foodservice

In September, I participated as a panelist during KINEXO’s executive summit, which gathered together the company’s customers, suppliers and industry representatives to share supply chain insights and best practices, including those related to the foodservice industry.

I followed up with Todd Williams, president of KINEXO, for his thoughts on key trends in the foodservice industry as we look ahead to 2018…

Sowinski: Despite a generally positive outlook for 2018, the foodservice industry faces some headwinds in the form of changing consumer demands and new competition. What trends are you seeing, and how is KINEXO responding?

Williams: The rise of meal kit services, direct-to-door grocery delivery, retail reinvention, which ranges from menu offerings to in-store experience, are part of the rapidly changing consumer demands that are definitely disrupting the foodservice industry, in both good and bad ways. Obviously, each of these present a myriad of challenges to chains, operators and supply chain teams; however, they also present opportunities. As restaurants develop programs to address niche audiences, it’s likely that limited time offers (LTO) frequency will go up, and supply chain teams are going to have to be prepared to manage such changes. Fortunately, we are equipped to manage the most challenging LTO programs and are prepared for an increased frequency going forward. To that point, we are also able to scale for redistribution opportunities so that customers can experience flexibility with produce like never before.

Sowinski: The impact of the Food Safety Modernization Act (FSMA) and other regulations coupled with tighter capacity in the transportation sector and ongoing driver shortages are likewise impacting the foodservice industry. How is KINEXO addressing these impacts?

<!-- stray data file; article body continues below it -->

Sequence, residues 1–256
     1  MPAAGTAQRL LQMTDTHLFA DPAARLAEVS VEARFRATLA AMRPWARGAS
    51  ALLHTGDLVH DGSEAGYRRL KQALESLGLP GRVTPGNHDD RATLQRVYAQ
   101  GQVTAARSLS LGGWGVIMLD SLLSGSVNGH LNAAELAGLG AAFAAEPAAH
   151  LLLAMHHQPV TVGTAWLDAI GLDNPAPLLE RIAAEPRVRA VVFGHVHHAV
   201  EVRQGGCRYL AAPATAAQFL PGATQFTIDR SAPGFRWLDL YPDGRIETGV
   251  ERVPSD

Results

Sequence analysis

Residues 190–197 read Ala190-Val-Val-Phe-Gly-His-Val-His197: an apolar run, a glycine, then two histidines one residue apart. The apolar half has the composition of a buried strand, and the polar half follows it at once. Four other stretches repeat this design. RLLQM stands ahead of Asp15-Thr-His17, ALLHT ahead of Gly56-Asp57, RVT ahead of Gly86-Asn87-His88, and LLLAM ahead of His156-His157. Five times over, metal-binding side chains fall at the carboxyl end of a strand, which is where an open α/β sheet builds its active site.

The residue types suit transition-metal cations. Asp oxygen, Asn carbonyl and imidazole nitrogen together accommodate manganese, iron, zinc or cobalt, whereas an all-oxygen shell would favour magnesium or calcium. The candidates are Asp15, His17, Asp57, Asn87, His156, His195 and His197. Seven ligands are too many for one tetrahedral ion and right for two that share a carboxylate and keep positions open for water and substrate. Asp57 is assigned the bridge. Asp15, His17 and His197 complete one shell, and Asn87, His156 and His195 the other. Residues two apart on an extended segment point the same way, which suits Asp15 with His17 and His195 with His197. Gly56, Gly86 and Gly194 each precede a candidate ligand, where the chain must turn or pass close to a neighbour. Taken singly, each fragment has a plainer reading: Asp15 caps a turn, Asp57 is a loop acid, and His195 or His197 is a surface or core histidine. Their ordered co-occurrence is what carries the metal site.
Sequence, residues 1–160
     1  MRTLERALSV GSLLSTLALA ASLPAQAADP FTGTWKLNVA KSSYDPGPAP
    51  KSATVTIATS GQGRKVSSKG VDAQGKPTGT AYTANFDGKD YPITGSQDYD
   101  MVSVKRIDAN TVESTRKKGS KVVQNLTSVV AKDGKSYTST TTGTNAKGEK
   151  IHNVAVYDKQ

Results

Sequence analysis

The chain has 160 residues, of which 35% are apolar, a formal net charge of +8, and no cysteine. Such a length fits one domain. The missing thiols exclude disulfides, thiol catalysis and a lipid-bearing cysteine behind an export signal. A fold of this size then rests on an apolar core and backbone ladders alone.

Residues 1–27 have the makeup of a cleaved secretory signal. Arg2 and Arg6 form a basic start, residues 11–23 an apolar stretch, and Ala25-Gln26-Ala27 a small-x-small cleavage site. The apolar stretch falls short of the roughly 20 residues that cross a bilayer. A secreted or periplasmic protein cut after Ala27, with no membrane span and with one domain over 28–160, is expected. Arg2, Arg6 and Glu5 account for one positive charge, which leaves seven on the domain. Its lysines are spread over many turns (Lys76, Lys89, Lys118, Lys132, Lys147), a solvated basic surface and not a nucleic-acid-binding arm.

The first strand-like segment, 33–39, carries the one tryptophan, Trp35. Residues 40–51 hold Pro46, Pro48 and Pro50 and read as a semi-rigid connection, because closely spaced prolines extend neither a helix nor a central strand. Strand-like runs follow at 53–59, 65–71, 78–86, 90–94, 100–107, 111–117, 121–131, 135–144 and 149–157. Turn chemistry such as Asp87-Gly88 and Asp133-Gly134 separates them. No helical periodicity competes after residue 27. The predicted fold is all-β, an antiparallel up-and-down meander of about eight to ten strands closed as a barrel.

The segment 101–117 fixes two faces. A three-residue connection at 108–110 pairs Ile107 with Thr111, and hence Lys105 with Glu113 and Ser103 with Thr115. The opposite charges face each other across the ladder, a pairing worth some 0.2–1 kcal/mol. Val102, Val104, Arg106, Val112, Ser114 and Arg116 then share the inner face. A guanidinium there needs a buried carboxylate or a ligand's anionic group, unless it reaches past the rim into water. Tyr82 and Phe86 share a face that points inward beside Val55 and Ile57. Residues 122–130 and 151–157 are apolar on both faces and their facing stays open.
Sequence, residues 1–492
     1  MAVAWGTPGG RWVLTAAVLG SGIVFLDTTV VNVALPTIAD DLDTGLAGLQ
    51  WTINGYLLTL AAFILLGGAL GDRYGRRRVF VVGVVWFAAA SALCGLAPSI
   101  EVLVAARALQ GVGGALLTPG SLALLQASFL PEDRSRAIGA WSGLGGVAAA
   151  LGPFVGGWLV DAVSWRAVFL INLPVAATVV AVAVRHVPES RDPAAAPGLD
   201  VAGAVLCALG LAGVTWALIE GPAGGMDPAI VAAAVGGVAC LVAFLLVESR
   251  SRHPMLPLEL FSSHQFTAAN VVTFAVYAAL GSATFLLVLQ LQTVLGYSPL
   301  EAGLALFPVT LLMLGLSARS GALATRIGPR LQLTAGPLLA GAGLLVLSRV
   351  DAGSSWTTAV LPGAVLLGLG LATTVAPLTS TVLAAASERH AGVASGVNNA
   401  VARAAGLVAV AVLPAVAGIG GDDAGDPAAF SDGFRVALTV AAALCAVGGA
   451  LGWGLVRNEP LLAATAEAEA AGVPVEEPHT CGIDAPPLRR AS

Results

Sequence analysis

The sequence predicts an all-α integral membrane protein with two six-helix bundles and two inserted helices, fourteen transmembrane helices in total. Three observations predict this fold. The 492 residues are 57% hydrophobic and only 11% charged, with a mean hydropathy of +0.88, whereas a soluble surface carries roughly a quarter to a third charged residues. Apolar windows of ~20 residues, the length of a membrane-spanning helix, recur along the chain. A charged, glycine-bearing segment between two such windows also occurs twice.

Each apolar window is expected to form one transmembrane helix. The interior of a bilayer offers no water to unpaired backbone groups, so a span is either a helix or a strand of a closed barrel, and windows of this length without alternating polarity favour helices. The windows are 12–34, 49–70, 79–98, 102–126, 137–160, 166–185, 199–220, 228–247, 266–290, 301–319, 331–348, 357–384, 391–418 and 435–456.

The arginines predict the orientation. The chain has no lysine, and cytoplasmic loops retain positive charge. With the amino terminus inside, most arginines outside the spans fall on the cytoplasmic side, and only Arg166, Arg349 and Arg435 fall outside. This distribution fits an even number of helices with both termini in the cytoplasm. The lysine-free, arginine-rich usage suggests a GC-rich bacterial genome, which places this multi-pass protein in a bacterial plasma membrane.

Williams: From pasture to plate, there is congestion in the supply chain. Whether it’s challenging new regulations, tightening capacity, a rising shortage of drivers, or natural disasters exacerbating an already stressed supply chain, we are all feeling the crunch and being as proactive as possible to ensure a healthy supply chain going forward. For example, one way we have addressed the capacity issue is by utilizing dedicated fleets in certain markets, and the results are very positive. Our vast network of trusted carriers will enable us to expand this model to ensure consistent, reliable capacity going forward. In addition, our deep and long-standing relationships with many of the nation’s most trusted and respected carriers enable us to explore new initiatives such as the dedicated freight program with confidence, and simultaneously provide assurance that regulations such as FSMA and the ELD mandate are being upheld.

This article was originally published on FoodLogistics.com. Read the full article here